As soon as the Prime Minister’s Office got to know there was a one-on-one meeting scheduled between President Sirisena and Soros, Wickremesinghe through his officials informed that he too will be attending this meeting.
They convened this meeting at around 7 p.m. on 7th night and as soon as the President got to know this bit of information he was annoyed. However, known for his ability to guard his feelings President had not given a hint of being angry about this ‘arrogance’ shown from the side of the Prime Minister.
He attended the function to launching the ceremony of Janapathita Kiyanna programme at the Presidential Secretariat, the first of such range of events and programmes held to celebrate the first anniversary of his being in office.
By the time Soros had arrived and was waiting at one of the rooms until President Sirisena arrived for the meeting and news about his visit was also conveyed to the President.
Officials, who had no idea about what was coming, were caught completely off-guard when President Sirisena refused to go down for the meeting. He in fact told officials to inform that he will not be attending the so-called ‘one-on-one’ meeting between the two which would also be attended by Premier Wickremesinghe.
Repeated attempts by officials to convince the President to meet Soros as it would reflect negatively on the Head of the State and the country alike was not paid heed to by Sirisena who adamantly informed officials to convey to Soros that it was enough for him to meet with the Prime Minister.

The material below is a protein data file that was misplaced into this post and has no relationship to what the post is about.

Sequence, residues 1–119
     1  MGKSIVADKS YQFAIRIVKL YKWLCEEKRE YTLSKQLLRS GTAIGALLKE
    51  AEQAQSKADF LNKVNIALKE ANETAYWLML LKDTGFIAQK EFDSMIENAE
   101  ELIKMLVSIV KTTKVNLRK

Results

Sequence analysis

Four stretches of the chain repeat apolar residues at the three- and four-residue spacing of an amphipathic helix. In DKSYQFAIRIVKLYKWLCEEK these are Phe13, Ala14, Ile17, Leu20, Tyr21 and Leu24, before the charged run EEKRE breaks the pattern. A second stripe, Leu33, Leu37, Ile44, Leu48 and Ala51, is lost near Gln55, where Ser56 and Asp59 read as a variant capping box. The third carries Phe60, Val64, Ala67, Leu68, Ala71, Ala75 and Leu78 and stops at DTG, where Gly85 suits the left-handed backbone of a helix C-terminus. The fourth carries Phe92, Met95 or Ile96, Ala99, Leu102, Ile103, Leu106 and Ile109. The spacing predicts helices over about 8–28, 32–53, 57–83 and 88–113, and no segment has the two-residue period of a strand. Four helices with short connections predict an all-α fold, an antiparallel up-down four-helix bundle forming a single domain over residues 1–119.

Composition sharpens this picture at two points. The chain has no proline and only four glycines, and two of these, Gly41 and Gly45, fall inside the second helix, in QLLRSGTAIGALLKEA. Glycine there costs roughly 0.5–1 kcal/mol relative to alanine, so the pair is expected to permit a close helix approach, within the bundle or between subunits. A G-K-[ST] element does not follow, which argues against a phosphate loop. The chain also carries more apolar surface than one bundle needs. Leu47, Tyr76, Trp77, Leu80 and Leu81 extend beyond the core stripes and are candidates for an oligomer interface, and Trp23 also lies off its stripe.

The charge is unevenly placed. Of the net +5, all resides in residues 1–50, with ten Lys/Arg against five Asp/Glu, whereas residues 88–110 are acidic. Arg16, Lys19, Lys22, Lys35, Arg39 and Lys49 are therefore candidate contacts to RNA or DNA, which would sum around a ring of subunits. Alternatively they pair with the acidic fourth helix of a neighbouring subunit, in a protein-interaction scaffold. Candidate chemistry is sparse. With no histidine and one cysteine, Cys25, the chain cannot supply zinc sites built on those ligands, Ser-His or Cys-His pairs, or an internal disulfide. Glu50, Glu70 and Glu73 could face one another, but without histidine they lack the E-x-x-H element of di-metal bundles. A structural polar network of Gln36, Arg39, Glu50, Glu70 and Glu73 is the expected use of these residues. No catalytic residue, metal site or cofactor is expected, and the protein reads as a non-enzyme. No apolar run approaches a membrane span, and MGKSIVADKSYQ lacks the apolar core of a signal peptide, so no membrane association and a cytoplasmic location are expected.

Officials who approached Soros who waited at the Presidential Secretariat for about 30 minutes apologetically informed him that Prime Minister Wickremesinghe was also planning to come but was unable to make it at the time thus the meeting would not take place.
However, in what seemed like a patch up to what took place earlier, Prime Minister Wickremesinghe arranged a luncheon meeting between President, Soros and himself at the Cinnamon Grand Hotel at which the President attended after Prime Minister Wickremesinghe personally invited him.
The meeting was made completely closed door with the interpreter of Soros who is allegedly suffering from unilateral hearing loss being sent out. According to speculations, Soros had given a message not to the liking of Wickremesinghe Government but had also offered to function as an NGO person.
Maithri’s Cabinet Paper rejected
Adding salt to the already wounded relations, a Cabinet memorandum forwarded by President Sirisena was rejected by the Finance Ministry. Though this also angered the President he while trying his best not to lose his cool asked Finance Minister, Ravi Karunanayake, as to what led to the rejection.
The Cabinet paper was for the extension of the Colombo-Kandy Highway to Polonnaruwa.
However, several Ministers did not let this slip easily as they pointed out that the tradition was never to say no to a Cabinet paper moved by the President. Karunanayake, in his feeble attempt to avert the verbal attacks had said that the Cabinet observation committee of the Treasury had rejected the Cabinet paper on the grounds that it lacked transparency.
However, in his haste Karunanayake had mentioned that highways are used for various underhand dealings, and as a responsible government, open tenders should be called for contractors.
President Sirisena, demanded that officials be summoned for a meeting soon after the Cabinet was over and he had not made any more attempts to hide his annoyance when he told officials that he is not a man who had earned through underhand deals.
At this meeting where Karunanayake was also present, President Sirisena had demanded to know whether the constructions of Colombo-Kandy Highway was offered in a transparent manner or whether the contractors were selected by calling open tenders.
He also pointed out that he moved the Cabinet paper as a move to fulfil a pledge given to the people during last Presidential Election that the Kandy Highway will be extended to Polonnaruwa.
When contacted, a senior official of the Treasury confirmed that even though a Cabinet paper moved by the Head of the State may not be given approval due to lack of funds, it is very unlikely that it is actually happening.